Before I installed the entire system in the Tesla, I wanted to gather some benchmark data. With the help of my friend Joseph St. Onge (who does have some legit audio expertise), we tested a pair of each speakers in a soundproofed production studio.
We rigged up the speakers so we could switch between them and/or play them simultaneously (despite their different resistances) through a varied playlist of music, including the industry standard “Alan Parsons & Stephen Court Sound Check” both on CD and lossless to USB. The other two pairs of each speakers were installed in the Tesla itself so we could compare side to side within the car using the same USB. Once in the studio, we fired up the speakers and ran them through some test tones to “set the mood.” Then we started through some high quality recordings of solo instruments.
The differences were immediately striking. Even without the resonance of the car doors, the speakers had very distinct voices. The factory speakers tend to do well with low volume and higher frequencies. Push them into more volume or lower frequencies and you get a lot of muddiness. The muddiness will also overtake the clarity of the upper frequencies as a proportional response to increasing volume.
The LH speakers match the over bright tone of the factory speakers, but they add a depth and clarity that doesn’t disappear as lower frequencies or volume are added. In short, you can crank the music without cranking in distortion and losing the distinctness of each instrument. Closing our eyes during the instrument solos left us with the net impression with the LH speakers that the musician could possibly be in the studio with us and playing live, whereas the factory speakers never allowed us that fantasy -- they sounded like a tipped over boombox was left in room. Certain songs brought out more distinctions that we would compare later car-to-car.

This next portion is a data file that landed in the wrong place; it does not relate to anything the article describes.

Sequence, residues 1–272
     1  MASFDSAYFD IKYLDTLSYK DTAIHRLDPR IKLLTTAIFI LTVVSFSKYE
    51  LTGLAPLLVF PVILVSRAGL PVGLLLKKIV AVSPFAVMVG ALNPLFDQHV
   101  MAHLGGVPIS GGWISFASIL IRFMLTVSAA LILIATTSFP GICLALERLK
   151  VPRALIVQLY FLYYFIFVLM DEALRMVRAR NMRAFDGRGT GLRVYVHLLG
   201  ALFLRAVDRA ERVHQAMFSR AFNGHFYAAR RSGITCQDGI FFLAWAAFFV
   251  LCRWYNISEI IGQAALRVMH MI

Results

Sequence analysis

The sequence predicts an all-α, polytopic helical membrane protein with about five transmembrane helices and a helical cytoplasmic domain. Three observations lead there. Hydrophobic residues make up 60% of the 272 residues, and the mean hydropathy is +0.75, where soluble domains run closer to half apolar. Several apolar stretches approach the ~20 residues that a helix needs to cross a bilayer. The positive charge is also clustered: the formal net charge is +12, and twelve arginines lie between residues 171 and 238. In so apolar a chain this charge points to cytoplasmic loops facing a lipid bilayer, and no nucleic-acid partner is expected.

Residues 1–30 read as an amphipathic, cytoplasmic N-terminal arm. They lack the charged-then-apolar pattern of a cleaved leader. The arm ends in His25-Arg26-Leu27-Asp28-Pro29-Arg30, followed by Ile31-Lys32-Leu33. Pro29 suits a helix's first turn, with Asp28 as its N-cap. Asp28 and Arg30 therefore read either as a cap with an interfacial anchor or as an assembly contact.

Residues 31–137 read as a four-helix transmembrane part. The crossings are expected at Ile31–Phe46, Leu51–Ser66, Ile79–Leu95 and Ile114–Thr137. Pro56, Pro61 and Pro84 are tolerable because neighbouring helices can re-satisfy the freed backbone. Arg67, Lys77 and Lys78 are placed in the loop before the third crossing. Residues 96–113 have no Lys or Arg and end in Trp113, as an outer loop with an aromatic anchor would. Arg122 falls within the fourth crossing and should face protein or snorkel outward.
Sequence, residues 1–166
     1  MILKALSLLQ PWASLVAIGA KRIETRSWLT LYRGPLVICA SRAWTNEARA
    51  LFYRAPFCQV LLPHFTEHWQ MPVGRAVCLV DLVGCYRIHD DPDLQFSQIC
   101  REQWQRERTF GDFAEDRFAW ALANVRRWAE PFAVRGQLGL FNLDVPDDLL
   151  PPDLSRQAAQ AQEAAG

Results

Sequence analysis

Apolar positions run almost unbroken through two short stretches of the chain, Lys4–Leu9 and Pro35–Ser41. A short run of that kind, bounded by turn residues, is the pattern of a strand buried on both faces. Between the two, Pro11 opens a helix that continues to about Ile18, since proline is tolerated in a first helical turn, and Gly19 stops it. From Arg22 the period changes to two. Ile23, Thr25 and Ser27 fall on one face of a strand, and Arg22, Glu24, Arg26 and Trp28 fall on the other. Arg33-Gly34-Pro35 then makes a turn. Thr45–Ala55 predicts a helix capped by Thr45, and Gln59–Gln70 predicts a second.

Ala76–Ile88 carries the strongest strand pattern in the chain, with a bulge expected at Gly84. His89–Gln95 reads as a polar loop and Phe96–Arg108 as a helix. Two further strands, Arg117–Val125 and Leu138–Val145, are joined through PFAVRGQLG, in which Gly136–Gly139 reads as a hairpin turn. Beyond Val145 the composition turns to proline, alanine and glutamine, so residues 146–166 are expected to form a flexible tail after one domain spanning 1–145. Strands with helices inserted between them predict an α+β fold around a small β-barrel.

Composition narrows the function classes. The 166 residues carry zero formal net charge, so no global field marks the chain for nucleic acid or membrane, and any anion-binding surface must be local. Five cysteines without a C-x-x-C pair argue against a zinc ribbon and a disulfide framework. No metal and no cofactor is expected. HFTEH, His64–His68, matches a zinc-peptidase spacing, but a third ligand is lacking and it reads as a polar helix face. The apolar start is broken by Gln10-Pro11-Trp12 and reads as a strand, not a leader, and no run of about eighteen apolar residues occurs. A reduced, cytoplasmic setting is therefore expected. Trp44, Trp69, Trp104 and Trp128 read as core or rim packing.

I’m intentionally keeping references to specific music out of this review to avoid any kind of latent bias but I will tell you that the track that first dropped our jaws was “Billie Jean” by Michael Jackson. The song has a shaker featured in the intro as a bass line walks around the keyboard. On the factory speakers the shaker dominated the wall of sound and it seemed like a good 85% of the decibels were shaker-related. Switching over to the LH speakers dropped the shaker deep into the midfield. It was still prevalent, but was mixing in with the rest of the scene at closer to 60% of the sound.
Other music tracks brought out similar distinctions in the deep bass frequencies. Even when we tried to mimic the resonance of the doors using two identical boxes for each set, the effects were unchanged; the LH speakers provided more volume, more separation and reproduced the mix we got in our studio headphones more faithfully.
Back in the Tesla, we played the same track selection on each side of the car. Generally, reduced ohmage results in poorer but louder sound, but even though it results in a higher quantity of sound at the same indicated volume number, the LH speakers still sound better than stock because of their improved construction. The doors’ resonance also improved the warmth of both sets of speakers but it wasn’t a net change between them.
The LH set maintained their clear lead over the factory system in all but the lightest volume with the highest frequencies. Skeptical that any genre of music offered the kind of frequency range that would make the factory speakers a better choice, we agreed that would be decided by a real world test against other Teslas.
Enough playing around, it's time to get these speakers mounted up and installed! Click here to see how it went.
This review originally appeared on Teslarati.com
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